The heavenly man at an Edmonton church
From imprisonment to freedom, Brother Yun never up his faith.
He starts by teaching us “Jesus loves you” in Chinese, pointing to the sky for “Yesu,” his eye for “ai” or love, and his knee for “ni” or you.
Brother Yun is known as the Heavenly Man. I heard him speak recently at The Summit West church in Edmonton, Alberta. Yun is one of the founding fathers of the Sithim Chinese Fellowship, a house church network of hundreds of millions. He also is one of the main directors of Back to Jerusalem, a Chinese missionary movement to the unreached parts of the world.
As he tells his story, I cry.
President Mao had all but wiped out Christianity in China. Meanwhile Yun, at the age of 16, came to Christ, memorized the New Testament and proceeded to lead 2,000 souls to Christ, all within one year.
Over the next few years this teenager established many churches. Then he and his colleagues began training new believers, leading up to three meetings a night, seven days a week. They created their own hymn books using Scripture. They baptized hundreds of new believers a night in frigid ice water to evade the authorities. Then they began raising up elders and deacons, and in January of 1984, Yun was imprisoned, considered a dangerous counter-revolutionary and criminal.
In his autobiography The Heavenly Man, Yun recounts the events of several imprisonments where he was repeatedly tortured with electric rods and other means of punishment. At one point, he says he fasted for 74 days without food or water. Following that fast, every single man in his cell – murderers, rapists and thieves – came to Christ.
During another stay at a maximum security prison, Yun’s legs were bashed and broken. He was unable to walk, so fellow inmates had to carry him to the toilet. One day, God told him to walk out of the prison.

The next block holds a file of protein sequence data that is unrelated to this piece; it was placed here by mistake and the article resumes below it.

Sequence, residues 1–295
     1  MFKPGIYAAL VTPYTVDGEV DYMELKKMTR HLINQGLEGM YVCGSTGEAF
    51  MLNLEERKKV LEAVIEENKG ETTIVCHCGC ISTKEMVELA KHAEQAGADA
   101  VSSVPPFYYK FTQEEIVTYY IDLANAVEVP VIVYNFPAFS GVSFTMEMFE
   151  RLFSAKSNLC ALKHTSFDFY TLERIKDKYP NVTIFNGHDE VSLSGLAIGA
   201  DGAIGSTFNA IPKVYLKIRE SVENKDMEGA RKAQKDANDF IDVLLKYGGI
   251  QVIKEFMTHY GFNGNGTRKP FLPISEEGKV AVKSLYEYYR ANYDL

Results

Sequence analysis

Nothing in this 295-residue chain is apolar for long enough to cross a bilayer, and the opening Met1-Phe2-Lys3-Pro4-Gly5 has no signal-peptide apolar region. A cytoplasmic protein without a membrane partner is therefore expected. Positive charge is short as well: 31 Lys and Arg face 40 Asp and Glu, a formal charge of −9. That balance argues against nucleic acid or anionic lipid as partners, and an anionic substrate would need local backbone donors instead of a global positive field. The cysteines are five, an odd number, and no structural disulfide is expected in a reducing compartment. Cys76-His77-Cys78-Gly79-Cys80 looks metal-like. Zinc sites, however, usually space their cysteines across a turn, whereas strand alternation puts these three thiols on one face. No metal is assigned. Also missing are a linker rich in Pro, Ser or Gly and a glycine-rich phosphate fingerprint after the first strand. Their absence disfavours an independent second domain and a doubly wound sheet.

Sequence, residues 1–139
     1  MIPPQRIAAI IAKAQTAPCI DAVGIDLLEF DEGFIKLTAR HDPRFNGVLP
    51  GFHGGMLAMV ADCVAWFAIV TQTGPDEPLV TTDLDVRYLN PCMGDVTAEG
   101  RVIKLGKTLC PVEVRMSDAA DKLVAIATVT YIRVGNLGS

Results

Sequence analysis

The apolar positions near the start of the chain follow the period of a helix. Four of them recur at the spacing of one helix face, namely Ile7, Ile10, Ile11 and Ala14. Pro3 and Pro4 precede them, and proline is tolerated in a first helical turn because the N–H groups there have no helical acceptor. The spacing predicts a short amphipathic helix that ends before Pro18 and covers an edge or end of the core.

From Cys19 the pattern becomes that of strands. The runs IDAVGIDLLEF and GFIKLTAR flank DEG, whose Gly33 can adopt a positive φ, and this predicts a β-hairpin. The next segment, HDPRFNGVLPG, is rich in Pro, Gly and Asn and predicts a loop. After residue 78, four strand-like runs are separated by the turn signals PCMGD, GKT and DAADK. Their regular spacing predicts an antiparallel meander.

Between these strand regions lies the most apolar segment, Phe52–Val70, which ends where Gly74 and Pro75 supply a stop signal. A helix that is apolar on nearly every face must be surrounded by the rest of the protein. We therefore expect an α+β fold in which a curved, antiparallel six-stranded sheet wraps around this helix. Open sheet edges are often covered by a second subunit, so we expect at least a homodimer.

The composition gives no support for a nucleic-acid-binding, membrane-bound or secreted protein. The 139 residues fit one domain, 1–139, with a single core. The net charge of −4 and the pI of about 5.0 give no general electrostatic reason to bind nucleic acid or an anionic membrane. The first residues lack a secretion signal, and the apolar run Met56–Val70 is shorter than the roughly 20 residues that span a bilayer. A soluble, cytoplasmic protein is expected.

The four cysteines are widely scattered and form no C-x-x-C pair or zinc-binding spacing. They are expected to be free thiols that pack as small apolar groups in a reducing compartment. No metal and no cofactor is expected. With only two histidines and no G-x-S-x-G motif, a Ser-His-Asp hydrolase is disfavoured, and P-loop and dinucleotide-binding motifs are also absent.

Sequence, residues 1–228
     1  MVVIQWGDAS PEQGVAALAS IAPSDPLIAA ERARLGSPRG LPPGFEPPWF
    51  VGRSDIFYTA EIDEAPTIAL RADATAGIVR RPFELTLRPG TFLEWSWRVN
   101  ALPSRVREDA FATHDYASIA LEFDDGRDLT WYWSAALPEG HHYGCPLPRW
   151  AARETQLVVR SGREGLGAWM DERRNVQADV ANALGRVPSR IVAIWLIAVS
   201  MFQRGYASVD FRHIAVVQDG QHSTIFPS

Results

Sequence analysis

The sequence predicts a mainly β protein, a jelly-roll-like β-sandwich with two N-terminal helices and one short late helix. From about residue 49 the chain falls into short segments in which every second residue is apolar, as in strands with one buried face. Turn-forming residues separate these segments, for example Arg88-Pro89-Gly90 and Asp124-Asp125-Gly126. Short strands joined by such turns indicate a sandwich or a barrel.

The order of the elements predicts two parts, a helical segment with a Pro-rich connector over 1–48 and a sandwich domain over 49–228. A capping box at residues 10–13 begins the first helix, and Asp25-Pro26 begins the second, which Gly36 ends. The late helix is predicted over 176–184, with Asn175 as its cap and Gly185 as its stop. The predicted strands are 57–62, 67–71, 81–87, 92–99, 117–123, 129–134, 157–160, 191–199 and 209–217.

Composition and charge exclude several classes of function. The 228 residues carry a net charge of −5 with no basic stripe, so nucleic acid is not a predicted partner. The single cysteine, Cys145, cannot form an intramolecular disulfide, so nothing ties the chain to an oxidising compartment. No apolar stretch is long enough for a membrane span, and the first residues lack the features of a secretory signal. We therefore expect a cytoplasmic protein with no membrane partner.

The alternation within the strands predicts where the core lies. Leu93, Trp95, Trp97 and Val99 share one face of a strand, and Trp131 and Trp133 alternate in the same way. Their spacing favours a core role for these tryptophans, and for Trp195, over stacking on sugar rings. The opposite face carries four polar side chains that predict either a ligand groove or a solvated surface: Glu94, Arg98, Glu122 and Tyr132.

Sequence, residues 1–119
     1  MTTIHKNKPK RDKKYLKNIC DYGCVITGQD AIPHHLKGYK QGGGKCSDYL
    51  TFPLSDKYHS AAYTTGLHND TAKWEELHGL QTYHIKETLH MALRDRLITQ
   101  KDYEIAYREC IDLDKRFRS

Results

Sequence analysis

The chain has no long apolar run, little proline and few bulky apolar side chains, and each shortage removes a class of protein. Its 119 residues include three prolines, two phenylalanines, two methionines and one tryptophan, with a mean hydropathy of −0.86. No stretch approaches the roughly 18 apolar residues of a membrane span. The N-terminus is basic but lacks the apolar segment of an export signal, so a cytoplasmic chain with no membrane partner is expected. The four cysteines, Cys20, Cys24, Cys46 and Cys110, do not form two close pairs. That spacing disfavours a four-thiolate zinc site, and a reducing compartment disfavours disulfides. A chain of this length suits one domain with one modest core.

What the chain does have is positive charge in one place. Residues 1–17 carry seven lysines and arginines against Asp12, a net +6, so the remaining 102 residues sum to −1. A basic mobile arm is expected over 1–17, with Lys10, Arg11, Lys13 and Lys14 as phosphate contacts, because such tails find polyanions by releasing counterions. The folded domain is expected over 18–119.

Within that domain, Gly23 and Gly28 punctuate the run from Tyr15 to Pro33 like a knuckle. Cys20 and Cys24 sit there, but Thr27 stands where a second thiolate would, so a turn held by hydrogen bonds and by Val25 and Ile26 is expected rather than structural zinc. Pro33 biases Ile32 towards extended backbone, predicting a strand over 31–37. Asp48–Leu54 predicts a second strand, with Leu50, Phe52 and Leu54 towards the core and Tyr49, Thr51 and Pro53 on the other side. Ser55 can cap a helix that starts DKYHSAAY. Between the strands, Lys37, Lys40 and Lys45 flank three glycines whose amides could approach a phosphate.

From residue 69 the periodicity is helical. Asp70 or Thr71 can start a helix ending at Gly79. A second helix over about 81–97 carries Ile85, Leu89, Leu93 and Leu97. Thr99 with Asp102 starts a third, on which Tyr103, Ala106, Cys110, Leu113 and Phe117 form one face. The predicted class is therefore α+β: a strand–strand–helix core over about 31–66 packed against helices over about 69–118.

“At this point, I began to negotiate with God,” Yun tells us, and we all laugh, a bit relieved that he is, in fact, human. “I reminded God there were five double gates between me and the outdoors, and that two guards stood at each gate with guns.” Then, he says, “Jesus told me, ‘This prison is real. But I am the Truth. And the Truth will set you free.’”
He then proceeded to pull himself up, take a few stumbling steps, and walk out of prison – somehow, the gates were left open, and his fellow prisoners and believers were eyewitnesses to guards looking right at him but not seeing him.
Go and share the light
After the service my friends and I gather in the sanctuary. We’re headed to the inner city with gift bags full of socks, sandwiches, bottles of water and gospels of John – inspired by Yun to take our country for Christ.
Linda lives in an orange tarp tent.
I hug Linda, ask her, “Do you know Jesus?” She says, “Yes, God met me on January 7th. But I keep wondering – why did he wait so long?”
Why do we wait so long, friends?
“We have the light in us,” Yun told us. “Now we must go and share it with everyone we see.”
Is the phrase “to take our country for Christ,” from Mr. Yun?